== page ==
“Delaware Audubon has a long history of efforts to protect the Delaware River and Bay. The Delaware River and Bay and Coastal Zone are considered a globally Important Bird Area and deserving of the highest level of protection. We believe the Army’s VX proposal threatens the health of the river ecosystem, presents a risk to public health and safety and sets a precedent for Dupont in New Jersey becoming the Department of Defense’s preferred disposal option for additional chemical weapons stockpiles from throughout the country. We are proud to join the Delaware Riverkeeper in this action,” said Nicholas DiPasquale, Conservation Chair for Delaware Audubon, a co-plaintiff in the law suit.
Jane Nogaki, New Jersey Environmental Federation, also a co-plaintiff, said “The transport and disposal of VX hydrolysate is a risky plan that puts millions of people, our environment and water systems in harms way. Dupont Chambers Works discharges almost a million gallons of pollutants a year to the Delaware River. We do not want any portion of VX nerve agent at the plant, in the river, nor in the river’s fish and other aquatic life. What will happen to the region’s drinking water when VX byproducts combine with the already present chemicals that pollute our drinking water? VX nerve agent should be destroyed on site at Newport, Indiana, as was originally proposed by the Army.”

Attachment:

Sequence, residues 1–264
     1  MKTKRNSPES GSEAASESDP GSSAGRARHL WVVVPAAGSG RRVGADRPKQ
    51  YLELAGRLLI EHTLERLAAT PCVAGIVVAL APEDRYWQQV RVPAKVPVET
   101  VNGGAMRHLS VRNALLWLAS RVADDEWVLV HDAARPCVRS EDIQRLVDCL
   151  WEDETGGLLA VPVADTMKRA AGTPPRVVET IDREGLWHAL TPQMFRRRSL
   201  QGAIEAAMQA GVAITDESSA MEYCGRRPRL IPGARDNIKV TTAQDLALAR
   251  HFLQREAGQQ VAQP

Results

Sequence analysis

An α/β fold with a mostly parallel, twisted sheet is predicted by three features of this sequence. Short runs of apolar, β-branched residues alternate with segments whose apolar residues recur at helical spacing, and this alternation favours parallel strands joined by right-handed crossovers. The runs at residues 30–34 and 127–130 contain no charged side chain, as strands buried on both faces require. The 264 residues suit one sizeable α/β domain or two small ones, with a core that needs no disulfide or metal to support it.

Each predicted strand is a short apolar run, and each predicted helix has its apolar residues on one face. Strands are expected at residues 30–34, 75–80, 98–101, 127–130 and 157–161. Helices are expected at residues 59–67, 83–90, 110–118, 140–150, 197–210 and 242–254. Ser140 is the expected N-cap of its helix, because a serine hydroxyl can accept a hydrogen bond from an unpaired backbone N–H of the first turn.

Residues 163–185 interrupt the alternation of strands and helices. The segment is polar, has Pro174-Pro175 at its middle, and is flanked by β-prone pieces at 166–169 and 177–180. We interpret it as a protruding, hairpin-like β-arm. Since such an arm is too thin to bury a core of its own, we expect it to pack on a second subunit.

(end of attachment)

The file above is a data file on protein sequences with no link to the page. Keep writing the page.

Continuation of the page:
Susan Kraham, Director of Policy and Counsel to the President, New Jersey Audubon Society, a co-plaintiff, stated, “New Jersey Audubon Society is extremely concerned about the potential for serious adverse impacts to the aquatic ecosystem should the Army’s plan proceed. We ask the Court to ensure that the National Environmental Policy Act is followed rigorously to protect New Jersey’s residents and ecosystem.”
For more information go to www.delawareriverkeeper.org
For a copy of the filing, email email@example.com
Delaware Riverkeeper Network
300 Pond Street
Bristol, PA 19007
The Delaware Riverkeeper Network (DRN) is the only advocacy organization working throughout the entire Delaware River Watershed. The Delaware Riverkeeper is an individual who is the voice of the River, championing the rights of the River and its streams as members of our community. The Delaware Riverkeeper is assisted by seasoned professionals and a network of members, volunteers and supporters. Together they form DRN, and together they stand as vigilant protectors and defenders of the River, its tributaries and watershed. DRN is committed to restoring the watershed’s natural balance where it has been lost and ensuring its preservation where it still exists.
It’s nice to hear that $1 million spent by the DCCC elected a Congressional candidate in Texas, and the newly gerrymandered district there was important. But if $1 million had been spent on the Linda Stender campaign she could have won. Does anyone have information on how much the DCCC actually contributed to the Stender campaign as compared to the Texas campaign? Some heavy hitters like Bill Clinton, Nancy Pelosi and Madeleine Albright visited Albuquerque trying to pull out a victory, but I wonder what succession of heavy hitters traveled to campaign and raise funds in the NJ 7th.